This will show you all the apps and internal services like Home & Lock screen that are consuming battery on your iPhone. By default, it shows you the battery hogs in the last 24 hours. You can also check the apps that are consuming battery in the last 4 days by tapping on the Last 4 Days tab as you can see in the screenshot above. You can also tap the clock icon to the right on Last 4 days to find out how much time you’ve used the apps, and how much time the apps have been running in the background.
Identifying battery hogs
The battery usage provides you information about how much battery is consumed by various apps and services on your device. It is important to mention here that an app with a high percentage battery usage does not necessarily mean it is a battery hog. It could be because you were using it a lot, or if it was running in the background to upload or download content.
The apps that should be a concern are ones that show up on top of power consumption list even though you haven’t been using them. iPhone will also tell you what activity that could have resulted in battery consumption such as Background activity in case of the Mail app in the screenshot above.
If you’ve identified an app that is draining battery life on your device, here are some of the things you can do to extend your iPhone’s battery life, especially if it is third-party app:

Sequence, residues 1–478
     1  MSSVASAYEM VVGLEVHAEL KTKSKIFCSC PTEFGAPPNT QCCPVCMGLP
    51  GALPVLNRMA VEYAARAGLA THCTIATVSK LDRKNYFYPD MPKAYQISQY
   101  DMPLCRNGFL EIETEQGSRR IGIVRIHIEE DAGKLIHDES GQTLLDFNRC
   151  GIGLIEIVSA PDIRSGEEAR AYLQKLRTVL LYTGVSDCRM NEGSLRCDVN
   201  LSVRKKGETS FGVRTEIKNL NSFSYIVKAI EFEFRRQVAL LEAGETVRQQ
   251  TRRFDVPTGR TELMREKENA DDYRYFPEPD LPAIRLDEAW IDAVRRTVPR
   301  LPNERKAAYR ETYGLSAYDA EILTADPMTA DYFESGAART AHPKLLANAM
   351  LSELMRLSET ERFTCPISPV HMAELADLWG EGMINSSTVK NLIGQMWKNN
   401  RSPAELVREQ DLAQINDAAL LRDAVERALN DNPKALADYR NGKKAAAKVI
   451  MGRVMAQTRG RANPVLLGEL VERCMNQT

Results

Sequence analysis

- If you can live without the app then the best thing to do is delete the app.
- While iOS takes care of suspending apps in the background, it’s likely that some apps wake up in the background to fetch content off the network. You may want to force close apps like VoIP, navigation and streaming audio apps if you’re not using them as they’re known to drain battery life. It is important to note here that you should only close apps that you don’t want to use. It is a not a good practice to force close all apps, as that could have an adverse impact on battery life. Force close an app by double-pressing the home button scrolling through the apps to find the one you want to close, and swiping up on the app card to close it.
- If you want to use the app, then you should seriously consider disabling Location Services (Settings > Privacy > Location Services) and Background app refresh (Settings > General > Background App Refresh) features for the app as they can end up consuming battery life. We will cover it more detail next.
2. Location Services
When we install apps, they prompt us to give them access to various things such location etc., and we tend to blindly say yes. However, apps using location services can have a major impact on battery life. So you may want to review which apps should have access to your device’s location.